Blog :: 04-2014
ASHEVILLE - The number of home buyers looking to live in neighborhoods within a reasonable bicycle ride of downtown Asheville reflects more than a desire to be close to a favorite brewpub, says local Realtor Mike Figura. Demographers and real estate analysts nationwide say there is an increase in interest in urban living in many parts of the country, although there is disagreement about how strong it is and what it means for home sales in suburban and rural areas.
Statistics complied by Figura, head of Mosaic Community Lifestyle Realty, suggest there has been a shift of some kind in the positions of the housing markets inside Asheville and outside city limits...more
(Photo: John Coutlakis , email@example.com)
Reservation for 12,000, please, for WNCAP's largest fundraiser!
You are cordially invited to join your friends, clients, family and co-workers on Thursday, April 24, 2014, for the 12th annual Dining Out For Life® benefit to support the mission of the Western North Carolina AIDS Project (WNCAP). Over 100 of the finest restaurants in WNC have generously agreed to donate 20% of their gross sales on April 24th to help ... needs are greater than ever this year with a reduction in federal funding, and an increasing number of clients who need help. You can do your part by simply dining out for breakfast, lunch or dinner or all three.
We at Mosaic are proud to be ambassadors this year, come see us at Sunny Point in West Asheville, and at Cucina 24 downtown.
Through the efforts of so many giving individuals and businesses, much needed AIDS awareness and education has been provided throughout WNC, while providing case-managed care to those whose lives have already been affected by HIV/AIDS.
Mark your calendars! Thursday, April 24, 2014.
ASHEVILLE - It's spring. That means local produce is growing and Western North Carolina tailgate markets are opening. To guide local food followers and support certified local farms and businesses, the Appalachian Sustainable Agriculture Project has released the latest edition of its Local Food Guide. This year's Local Food Guide features more Appalachian Grown tailgate farmers market and Community Supported Agriculture listings than ever. Additionally, the guide has been updated with newly opened WNC restaurants committed to sourcing local food, as well as grocers, artisan food producers, wineries and more. ASAP's mission is to help local farms thrive, link farmers to markets and supporters, and build healthy communities through connections to local food. Among its projects is the Growing Minds Farm to School Program, organizing Asheville City Market and coordinating the Mountain Tailgate Market Association.
More than one million copies of the Local Food Guide, part of the nonprofit's Local Food campaign, have been distributed since 2002.
The 2014 Local Food Guide can be picked up at ASAP's booth at the Mother Earth News Fair, Saturday and Sunday at the WNC Ag Center.
The latest guide listings can also be found online at appalachiangrown.org. Print copies will be distributed after the fair to more than 400 locations, the locations of which can be found on the guide page of asapconnections.org.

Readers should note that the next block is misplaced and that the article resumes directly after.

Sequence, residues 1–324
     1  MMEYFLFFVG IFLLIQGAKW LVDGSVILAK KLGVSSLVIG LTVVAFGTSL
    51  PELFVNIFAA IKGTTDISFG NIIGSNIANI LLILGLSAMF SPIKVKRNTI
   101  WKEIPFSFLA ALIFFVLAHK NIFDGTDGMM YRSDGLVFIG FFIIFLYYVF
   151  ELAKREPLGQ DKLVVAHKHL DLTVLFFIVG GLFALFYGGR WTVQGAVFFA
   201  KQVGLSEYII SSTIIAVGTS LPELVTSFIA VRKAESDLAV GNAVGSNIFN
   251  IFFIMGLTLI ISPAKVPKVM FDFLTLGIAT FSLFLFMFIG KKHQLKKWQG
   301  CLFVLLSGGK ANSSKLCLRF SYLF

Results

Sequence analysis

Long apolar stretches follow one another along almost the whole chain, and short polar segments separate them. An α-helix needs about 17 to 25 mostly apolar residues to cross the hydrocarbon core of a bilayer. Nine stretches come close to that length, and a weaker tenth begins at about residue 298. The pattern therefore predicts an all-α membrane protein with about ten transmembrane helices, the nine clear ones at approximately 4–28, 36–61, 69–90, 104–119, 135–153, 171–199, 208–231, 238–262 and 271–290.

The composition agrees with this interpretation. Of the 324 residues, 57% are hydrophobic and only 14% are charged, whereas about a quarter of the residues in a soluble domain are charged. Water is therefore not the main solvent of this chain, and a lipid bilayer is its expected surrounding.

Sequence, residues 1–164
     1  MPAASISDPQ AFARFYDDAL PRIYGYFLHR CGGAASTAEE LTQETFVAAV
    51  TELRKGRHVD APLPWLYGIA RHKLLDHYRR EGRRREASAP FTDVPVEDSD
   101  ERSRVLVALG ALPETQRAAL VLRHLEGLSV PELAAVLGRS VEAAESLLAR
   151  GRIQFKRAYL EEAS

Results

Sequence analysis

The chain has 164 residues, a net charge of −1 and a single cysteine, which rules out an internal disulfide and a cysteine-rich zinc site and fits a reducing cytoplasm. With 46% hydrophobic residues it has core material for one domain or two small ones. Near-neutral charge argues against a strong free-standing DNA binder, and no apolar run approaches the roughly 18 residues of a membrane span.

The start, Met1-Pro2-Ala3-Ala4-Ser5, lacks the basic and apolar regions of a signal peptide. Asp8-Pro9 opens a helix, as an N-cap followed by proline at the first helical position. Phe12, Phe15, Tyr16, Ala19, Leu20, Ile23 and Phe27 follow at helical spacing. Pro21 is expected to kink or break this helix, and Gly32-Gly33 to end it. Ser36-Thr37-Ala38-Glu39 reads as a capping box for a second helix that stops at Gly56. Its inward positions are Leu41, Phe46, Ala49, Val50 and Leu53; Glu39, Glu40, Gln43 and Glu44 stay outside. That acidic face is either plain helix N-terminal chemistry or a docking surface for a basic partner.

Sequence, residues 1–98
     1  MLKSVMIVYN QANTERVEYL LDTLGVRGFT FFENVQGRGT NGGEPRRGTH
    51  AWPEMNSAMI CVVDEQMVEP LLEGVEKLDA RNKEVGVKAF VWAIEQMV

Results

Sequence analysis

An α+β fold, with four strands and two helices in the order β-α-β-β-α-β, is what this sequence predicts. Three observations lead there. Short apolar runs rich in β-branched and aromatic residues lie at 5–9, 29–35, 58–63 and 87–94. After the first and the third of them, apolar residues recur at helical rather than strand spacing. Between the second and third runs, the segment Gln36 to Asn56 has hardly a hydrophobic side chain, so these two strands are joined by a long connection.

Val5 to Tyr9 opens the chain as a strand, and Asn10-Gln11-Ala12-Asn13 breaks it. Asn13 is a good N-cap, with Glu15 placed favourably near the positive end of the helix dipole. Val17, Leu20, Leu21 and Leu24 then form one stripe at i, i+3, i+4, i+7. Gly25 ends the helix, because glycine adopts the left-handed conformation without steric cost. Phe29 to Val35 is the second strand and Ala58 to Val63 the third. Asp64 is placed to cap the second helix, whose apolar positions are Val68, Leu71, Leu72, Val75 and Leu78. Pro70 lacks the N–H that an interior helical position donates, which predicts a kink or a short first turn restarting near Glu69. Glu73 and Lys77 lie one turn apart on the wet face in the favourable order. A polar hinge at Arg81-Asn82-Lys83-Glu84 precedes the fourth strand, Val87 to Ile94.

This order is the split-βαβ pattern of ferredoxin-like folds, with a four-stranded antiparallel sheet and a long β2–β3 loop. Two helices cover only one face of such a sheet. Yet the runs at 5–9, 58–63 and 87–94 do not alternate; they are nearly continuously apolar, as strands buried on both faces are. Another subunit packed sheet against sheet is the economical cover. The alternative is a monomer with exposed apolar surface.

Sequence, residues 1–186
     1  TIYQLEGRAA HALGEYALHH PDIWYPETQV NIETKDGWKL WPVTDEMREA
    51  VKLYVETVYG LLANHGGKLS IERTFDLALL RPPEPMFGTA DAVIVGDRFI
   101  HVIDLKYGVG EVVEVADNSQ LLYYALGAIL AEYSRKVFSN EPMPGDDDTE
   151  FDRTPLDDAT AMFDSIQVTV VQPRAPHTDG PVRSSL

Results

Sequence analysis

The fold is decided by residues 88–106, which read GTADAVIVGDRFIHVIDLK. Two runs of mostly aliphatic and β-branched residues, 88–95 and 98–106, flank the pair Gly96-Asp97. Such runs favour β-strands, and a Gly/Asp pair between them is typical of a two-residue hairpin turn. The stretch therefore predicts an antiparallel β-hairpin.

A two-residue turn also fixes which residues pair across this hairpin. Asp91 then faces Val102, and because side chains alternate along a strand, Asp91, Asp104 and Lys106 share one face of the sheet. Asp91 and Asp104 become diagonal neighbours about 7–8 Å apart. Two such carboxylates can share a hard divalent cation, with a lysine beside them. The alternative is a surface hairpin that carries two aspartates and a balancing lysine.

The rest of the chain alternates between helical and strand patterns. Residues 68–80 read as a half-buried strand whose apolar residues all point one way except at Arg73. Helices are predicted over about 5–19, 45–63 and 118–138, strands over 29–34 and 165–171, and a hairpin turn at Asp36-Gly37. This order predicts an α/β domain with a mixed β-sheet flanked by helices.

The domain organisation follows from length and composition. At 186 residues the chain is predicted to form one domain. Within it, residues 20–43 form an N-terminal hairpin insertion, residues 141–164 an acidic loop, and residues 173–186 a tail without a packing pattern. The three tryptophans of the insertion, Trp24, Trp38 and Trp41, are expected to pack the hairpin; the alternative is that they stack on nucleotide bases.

Miya Bailey wants to give back to hometown, he says. Atlanta-based tattoo artist Miya Bailey has made sure that he never forgets his hometown. He tattooed Asheville's area code -- 828 -- on his hand. Long before he was tattooing the likes of R&B star Usher or top model Eva, Bailey was catching crawfish in the creek at Montford Park in the 1980s. Or learning how to apply makeup, and later paint, from artists working with the Montford Park Players. Or selling his first piece of art, a piece of pottery, at a neighborhood festival. Now, he is using those same hands to return the gift Asheville gave him this summer. With help from another Asheville native and Atlanta artist, Paper Frank, Bailey will launch the Little Montford Festival this summer. "I want to get the community together together as much as possible," he said, noting he wanted the block party-type event to welcome everyone from the urban to the hippie communities in the city. He is still finalizing his vision, but noted that it will feature free food -- he's thinking barbecue with some veggie options -- live music performances, art demonstrations, with a vendor component that would be part craft fair/part neighborhoodwide yard sale. He is producing the festival during his national tour, which will take him to Los Angeles, New York, Houston, and, of course, his hometown of Asheville on June 19-22. He will launch a European tour in the fall. Ultimately, he hopes the festival could expose a young person to a new creative venture. "I think if young people get exposed to seeing (an artist paint) live, it could spark something in them," he said, much like Montford Park happenings inspired his artistic achievements. An artist painting in Montford inspired Bailey to paint for the first time, he said. He says he visits the Montford Park every time he visits Asheville. "It's just so beautiful," he said. "When you see something every day, you might overlook it." His emphasis on community-building and also creating a truly diverse event this summer echoes his interests of breaking down barriers in his shop, through his work and having honest, direct conversations about race. Bailey featured Montford Park in "Color Outside the Lines," a documentary that chronicles the work of black tattoo artists. He put some $30,000 of his own money into the film. The production took three years, and featured artists from across the country, and in London and Amsterdam. Bailey told Asheville Scene last year he wanted his scenes in the movie to say something about Asheville, the city that shaped him. "I shot most of my scenes in Pisgah View and Erskine Street apartments," Bailey said. "I wanted to show people my scene, show me coming up, show that you don't have to stay at the bottom." "Both sides of Asheville are never seen. So in the movie, you'll see downtown, then Hillcrest. You'll see beautiful Asheville, and the Asheville people don't want to show," Bailey said. "I want people to understand there are people there in the projects, and understand that Asheville is not physically segregated, but mentally segregated," he said. "It's something I want to break." Born in Asheville's Klondyke public housing complex in Montford, he moved to the Hillcrest complex near downtown. The family moved back to Montford, and then West Asheville. He attended Asheville High School. His time in Montford, however, has a strong hold on him. "It always creeps up in my dreams," he said of that area. "I've always thought I was going to do something there to give back." Now, he says, he can because of professional success in Atlanta. He is in the planning stages, and is looking for people want to participate. He asks for interested people to give him a call at 404-644-1912. To learn more about Miya Bailey, or see some of his work, visit www.miyabailey.com.